The art of processor customization: balancing innovation and risk

At every level of electronics, from smartwatches to the cloud, performance efficiency is key. For the past fifty years, Moore’s Law has driven the technology – the ability to double the number of transistors in the same area every two years. Moore’s law in combination with the concepts of Dennard Scaling, the concept that the power density in transistors remains constant, made it possible to do the same calculation in less power and space cost or more performance in the same space, same power and same cost. However, the limitations of traditional Moore’s Law and Dennard Scaling characteristics combined with changes in the dynamics of semiconductor design and manufacturing place an emphasis on optimizing the hardware for the workload, which which increasingly means selecting or even creating the right processing element for the task. . Gone are the days of the big stick – using the latest, fastest and most powerful processor to do it all. Customization at the silicon, packaging, and even instruction set level is now necessary to ensure performance efficiency, but every path comes with tradeoffs.

One of the areas of customization that has become most evident in demonstrating this is the use of specialized functional hardware blocks for critical chip functions such as I/O, power management, security, on-chip networking and even the processing of the workload itself. Due to this specialization, most processors are now bundled with additional hardware features, collectively referred to as system-on-chip (SoC). But even within these hardware functions, the flexibility of the core processing architecture, often referred to as the CPU, is key to maximizing performance efficiency, as well as scalability and reusability. An effective way to achieve this goal is to use custom instructions. Configurable microprocessor architectures that support this level of customization include Synopsys ARC, RISC-V, and Cadence Tensilica processors.

Often grouped with the Arm architecture as “processor cores”, configurable processor cores offer customization options not available with the Arm architecture. Arm CPU IP cores provide the same instruction set to everyone, which provides software compatibility between SoC designs, but does not allow for the addition of custom instructions that increase execution and efficiency of performance for specific functions or algorithms. Arm architectural licenses that allow this level of customization are available, but these licenses are generally limited to high-performance applications such as servers where volume and margins can justify the investment. Architecture licensing also requires additional customer expertise because Arm has not designed its processors to be customized and does not provide the specialized tools needed to implement customization.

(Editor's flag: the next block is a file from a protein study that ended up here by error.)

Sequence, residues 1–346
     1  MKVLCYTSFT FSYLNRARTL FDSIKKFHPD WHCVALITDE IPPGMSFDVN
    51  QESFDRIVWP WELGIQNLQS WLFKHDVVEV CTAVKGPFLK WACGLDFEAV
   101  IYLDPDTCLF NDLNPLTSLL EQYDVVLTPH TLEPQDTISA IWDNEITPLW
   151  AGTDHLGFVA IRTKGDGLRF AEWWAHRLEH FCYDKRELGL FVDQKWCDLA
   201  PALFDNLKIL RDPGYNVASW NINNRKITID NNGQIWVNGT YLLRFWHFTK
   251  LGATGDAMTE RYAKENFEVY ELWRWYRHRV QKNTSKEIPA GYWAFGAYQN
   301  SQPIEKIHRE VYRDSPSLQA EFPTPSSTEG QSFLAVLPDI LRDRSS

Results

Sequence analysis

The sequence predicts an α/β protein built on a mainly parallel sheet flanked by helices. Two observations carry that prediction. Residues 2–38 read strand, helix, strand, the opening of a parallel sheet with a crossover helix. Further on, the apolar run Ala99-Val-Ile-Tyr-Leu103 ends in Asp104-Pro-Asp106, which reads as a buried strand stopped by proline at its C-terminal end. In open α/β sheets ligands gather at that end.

Synopsys ARC, RISC-V, and Cadence Tensilica processors were designed to support custom instructions from scratch, which means it’s practical to adapt these cores for SoCs designed even for embedded/IoT applications who can perform very limited tasks. Even optimizing these tasks can improve performance and/or reduce power consumption. Customization requires software tools to map code to custom instructions. Due to the open structure of RISC-V International, the tools are provided by the community, including universities and other developers. However, the RISC-V ISA and the tools are relatively new. On the other hand, the Synopsys ARC architecture has been available for 27 years and has been widely used as a power-efficient processing solution in billions of common consumer and embedded applications, such as all the first Wi-Fi interfaces of the first Intel Centrino. mobile PC platforms.

The ARC architecture is a family of IP processors, many of which are optimized for specific types of applications, such as low-power, security-critical, high-security, high-throughput, high-performance, and even inference processing. AI. All of these applications benefit from personalized instructions. Additionally, because it is under the Synopsys Intellectual Property (IP) umbrella, the Synopsys ARC architecture is supported by some of the industry’s most advanced software programming tools and complementary IP.

One of the challenges of designing a new chip or electronics platform is finding a balance between innovation and risk. Innovation in the form of full customization can deliver performance benefits and differentiation at the risk of reducing intellectual property reusability, limiting design performance scalability, and increasing time to market. the market and the costs of new products. On the other hand, reducing risk through full standardization can limit differentiation and, more importantly, limit performance efficiency.

It is important to select the right processing element for the workload and to use customization selectively where it provides the most benefit. As a result, SoCs in many applications are increasingly using a mix of processing architectures within a single SoC and even for chips used in multi-chip modules (MCMs)/systems-in-packages (SiPs) designed around specific workload requirements.

Margie D. Carlisle